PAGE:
At the heart of our paper ‘Suicide mitigation: a compassionate approach to suicide prevention’ is the desire that health professionals and those people in a therapeutic relationship with someone who has self-harmed realise that ‘every encounter with a suicidal person is an opportunity to intervene to reduce their distress and, potentially, to save a life.’ This paper included many useful strategies for assessing and helping someone with suicidal thoughts. The importance of a thorough assessment is also backed up by the latest research from the National Confidential Inquiry which highlights that the assessment of patients with suicidal thoughts should be sufficiently thorough, robust and detailed to help mitigate the possibility of Human Factors Errors (the science of how people make mistakes – this will be covered in another blog).

Our paper ‘Suicide prevention: are we doing enough?’ provides a summary of the literature on how we currently assess and respond to patients with suicidal thoughts, proposes the paradigm shift of suicide mitigation (which I included in my previous blog) and reviews the evidence for compassionate interventions. We are delighted that the new NICE Guidelines Quality Statements for people presenting to the Emergency Department following self-harm launched last week placed compassion at the core of assessments.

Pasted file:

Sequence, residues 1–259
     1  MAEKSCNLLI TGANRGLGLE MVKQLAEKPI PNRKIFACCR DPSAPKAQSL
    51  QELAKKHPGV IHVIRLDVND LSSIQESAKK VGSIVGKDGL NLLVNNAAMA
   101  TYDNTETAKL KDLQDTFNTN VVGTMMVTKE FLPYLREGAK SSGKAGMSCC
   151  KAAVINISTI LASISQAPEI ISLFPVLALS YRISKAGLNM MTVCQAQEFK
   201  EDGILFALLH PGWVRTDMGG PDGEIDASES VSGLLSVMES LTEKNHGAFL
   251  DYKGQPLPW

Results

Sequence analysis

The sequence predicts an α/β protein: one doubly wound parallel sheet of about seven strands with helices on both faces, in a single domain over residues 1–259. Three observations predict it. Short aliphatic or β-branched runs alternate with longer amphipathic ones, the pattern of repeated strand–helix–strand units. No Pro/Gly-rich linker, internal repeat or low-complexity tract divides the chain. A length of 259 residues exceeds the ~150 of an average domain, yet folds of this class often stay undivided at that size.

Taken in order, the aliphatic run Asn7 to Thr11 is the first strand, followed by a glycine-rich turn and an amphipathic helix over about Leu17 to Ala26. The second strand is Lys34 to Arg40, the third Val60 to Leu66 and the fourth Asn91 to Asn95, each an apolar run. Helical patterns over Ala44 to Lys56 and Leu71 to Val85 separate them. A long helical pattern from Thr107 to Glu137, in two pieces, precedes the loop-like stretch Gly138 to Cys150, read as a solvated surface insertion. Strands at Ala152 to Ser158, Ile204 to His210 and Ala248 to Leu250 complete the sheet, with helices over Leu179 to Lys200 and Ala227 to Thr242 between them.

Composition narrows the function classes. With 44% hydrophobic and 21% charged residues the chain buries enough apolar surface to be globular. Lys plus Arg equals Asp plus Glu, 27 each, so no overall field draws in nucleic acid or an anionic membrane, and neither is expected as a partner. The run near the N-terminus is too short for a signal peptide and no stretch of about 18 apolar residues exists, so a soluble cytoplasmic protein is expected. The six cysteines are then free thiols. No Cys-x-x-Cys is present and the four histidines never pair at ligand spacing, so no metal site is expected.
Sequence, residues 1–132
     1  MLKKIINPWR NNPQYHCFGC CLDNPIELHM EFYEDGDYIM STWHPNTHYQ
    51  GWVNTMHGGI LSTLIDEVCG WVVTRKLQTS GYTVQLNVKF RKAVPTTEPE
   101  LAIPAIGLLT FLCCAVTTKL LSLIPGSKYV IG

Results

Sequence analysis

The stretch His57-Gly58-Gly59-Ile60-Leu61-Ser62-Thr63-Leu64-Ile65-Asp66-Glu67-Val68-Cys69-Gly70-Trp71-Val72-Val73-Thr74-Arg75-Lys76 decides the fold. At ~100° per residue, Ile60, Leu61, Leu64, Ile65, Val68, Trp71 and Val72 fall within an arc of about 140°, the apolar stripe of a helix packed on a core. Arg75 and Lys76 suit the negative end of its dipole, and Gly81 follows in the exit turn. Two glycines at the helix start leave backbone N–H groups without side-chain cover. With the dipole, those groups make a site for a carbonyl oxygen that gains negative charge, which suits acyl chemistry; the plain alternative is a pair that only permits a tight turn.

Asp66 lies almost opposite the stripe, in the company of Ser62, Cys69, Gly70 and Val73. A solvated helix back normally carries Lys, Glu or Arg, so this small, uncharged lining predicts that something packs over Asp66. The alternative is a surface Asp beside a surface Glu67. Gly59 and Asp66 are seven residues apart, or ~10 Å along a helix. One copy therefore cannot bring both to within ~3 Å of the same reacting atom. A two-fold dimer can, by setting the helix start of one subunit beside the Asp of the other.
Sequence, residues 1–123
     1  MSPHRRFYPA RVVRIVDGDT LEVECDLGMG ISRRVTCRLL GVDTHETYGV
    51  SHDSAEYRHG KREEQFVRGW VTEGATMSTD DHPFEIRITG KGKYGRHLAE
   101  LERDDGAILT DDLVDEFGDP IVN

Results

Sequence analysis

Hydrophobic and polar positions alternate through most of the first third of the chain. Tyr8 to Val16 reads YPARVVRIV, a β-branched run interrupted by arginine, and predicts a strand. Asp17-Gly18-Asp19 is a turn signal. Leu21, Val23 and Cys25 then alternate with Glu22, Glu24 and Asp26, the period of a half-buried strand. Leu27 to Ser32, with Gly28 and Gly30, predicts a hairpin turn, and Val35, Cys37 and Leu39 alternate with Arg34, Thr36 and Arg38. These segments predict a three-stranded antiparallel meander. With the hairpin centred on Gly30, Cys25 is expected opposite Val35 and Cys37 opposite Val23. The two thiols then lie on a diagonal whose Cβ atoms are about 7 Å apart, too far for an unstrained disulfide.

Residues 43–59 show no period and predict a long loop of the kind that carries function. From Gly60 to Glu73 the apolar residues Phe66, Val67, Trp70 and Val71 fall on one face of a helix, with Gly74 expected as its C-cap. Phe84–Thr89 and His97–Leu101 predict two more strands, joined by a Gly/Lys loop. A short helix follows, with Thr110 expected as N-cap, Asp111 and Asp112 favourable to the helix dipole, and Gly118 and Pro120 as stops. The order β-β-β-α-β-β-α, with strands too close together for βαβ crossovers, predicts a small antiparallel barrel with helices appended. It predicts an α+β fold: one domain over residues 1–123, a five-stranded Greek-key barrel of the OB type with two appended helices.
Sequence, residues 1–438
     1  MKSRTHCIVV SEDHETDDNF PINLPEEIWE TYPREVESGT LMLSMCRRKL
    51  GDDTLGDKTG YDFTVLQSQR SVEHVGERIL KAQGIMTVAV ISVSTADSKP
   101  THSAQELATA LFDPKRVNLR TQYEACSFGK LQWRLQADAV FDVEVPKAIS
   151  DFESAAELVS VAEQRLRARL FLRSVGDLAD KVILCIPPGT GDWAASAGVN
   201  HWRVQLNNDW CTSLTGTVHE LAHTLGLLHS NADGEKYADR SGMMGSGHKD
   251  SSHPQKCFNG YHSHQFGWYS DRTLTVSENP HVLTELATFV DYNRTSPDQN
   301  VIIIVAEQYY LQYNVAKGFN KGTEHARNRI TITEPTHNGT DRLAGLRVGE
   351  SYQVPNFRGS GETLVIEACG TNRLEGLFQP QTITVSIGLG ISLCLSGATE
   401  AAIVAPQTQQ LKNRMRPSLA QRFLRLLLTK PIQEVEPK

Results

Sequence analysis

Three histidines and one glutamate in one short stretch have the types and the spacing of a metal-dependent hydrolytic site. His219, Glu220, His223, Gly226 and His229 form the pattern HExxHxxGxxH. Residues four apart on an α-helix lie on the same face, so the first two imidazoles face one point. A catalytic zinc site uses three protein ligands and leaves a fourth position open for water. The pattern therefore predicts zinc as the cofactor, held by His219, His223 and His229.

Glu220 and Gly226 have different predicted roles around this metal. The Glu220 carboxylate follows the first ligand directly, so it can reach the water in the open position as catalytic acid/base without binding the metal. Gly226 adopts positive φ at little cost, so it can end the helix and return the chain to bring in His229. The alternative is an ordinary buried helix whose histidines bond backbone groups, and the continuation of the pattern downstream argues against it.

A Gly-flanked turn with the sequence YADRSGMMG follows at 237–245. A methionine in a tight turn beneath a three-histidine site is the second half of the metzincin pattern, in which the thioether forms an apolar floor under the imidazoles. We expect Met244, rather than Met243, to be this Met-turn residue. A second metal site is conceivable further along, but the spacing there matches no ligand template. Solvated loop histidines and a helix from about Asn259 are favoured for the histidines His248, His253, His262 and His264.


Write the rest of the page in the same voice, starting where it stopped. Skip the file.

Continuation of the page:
‘Hey kid, are you OK? A story of suicide survived’ is a deeply poignant and inspirational account by Kevin’s Hines (our 1st Guest Blogger) of suicidal crisis, which culminated in an attempt to end his life, and of his recovery and return to mental well-being. As a health professional I believe we have so much to learn from him. I was particularly moved when Kevin once said to me ’People do not end their life because they want to – they do so because their illness or distress is telling them to’.

I really hope you find the time to read the papers – they are thoroughly researched and I have been incredibly lucky to have invaluable academic support and advice from Professor Stephen Platt (Professor of Health Policy Research, University of Edinburgh), Professor Linda Gask (Founder STORM Skills Training CIC ) and Dr Gill Green (Chief Executive STORM Skills Training CIC ).

Introducing our first guest blogger: Kevin Hines

We are delighted to introduce Kevin Hines as our first guest blogger. Kevin has been collaborating with Connecting with People for about 4 years and he has appeared in a BMJ Podcast with Alys Cole-King and co-authored 2 papers which are being published in the July issue of Advances in Psychiatric Treatment.

When Kevin was 19-years old, two years after he was diagnosed with bipolar disorder, he attempted to take his own life by jumping from the Golden Gate Bridge. He is one of thirty-three to survive the fall and he is also the only survivor who is actively spreading the message of living mentally healthy around the country and the globe. Since then, Kevin has become an award-winning international speaker, author, and mental health advocate.In 2012, he was awarded a Lifetime Achievement Award for his outstanding work as a suicide prevention advocate and speaker.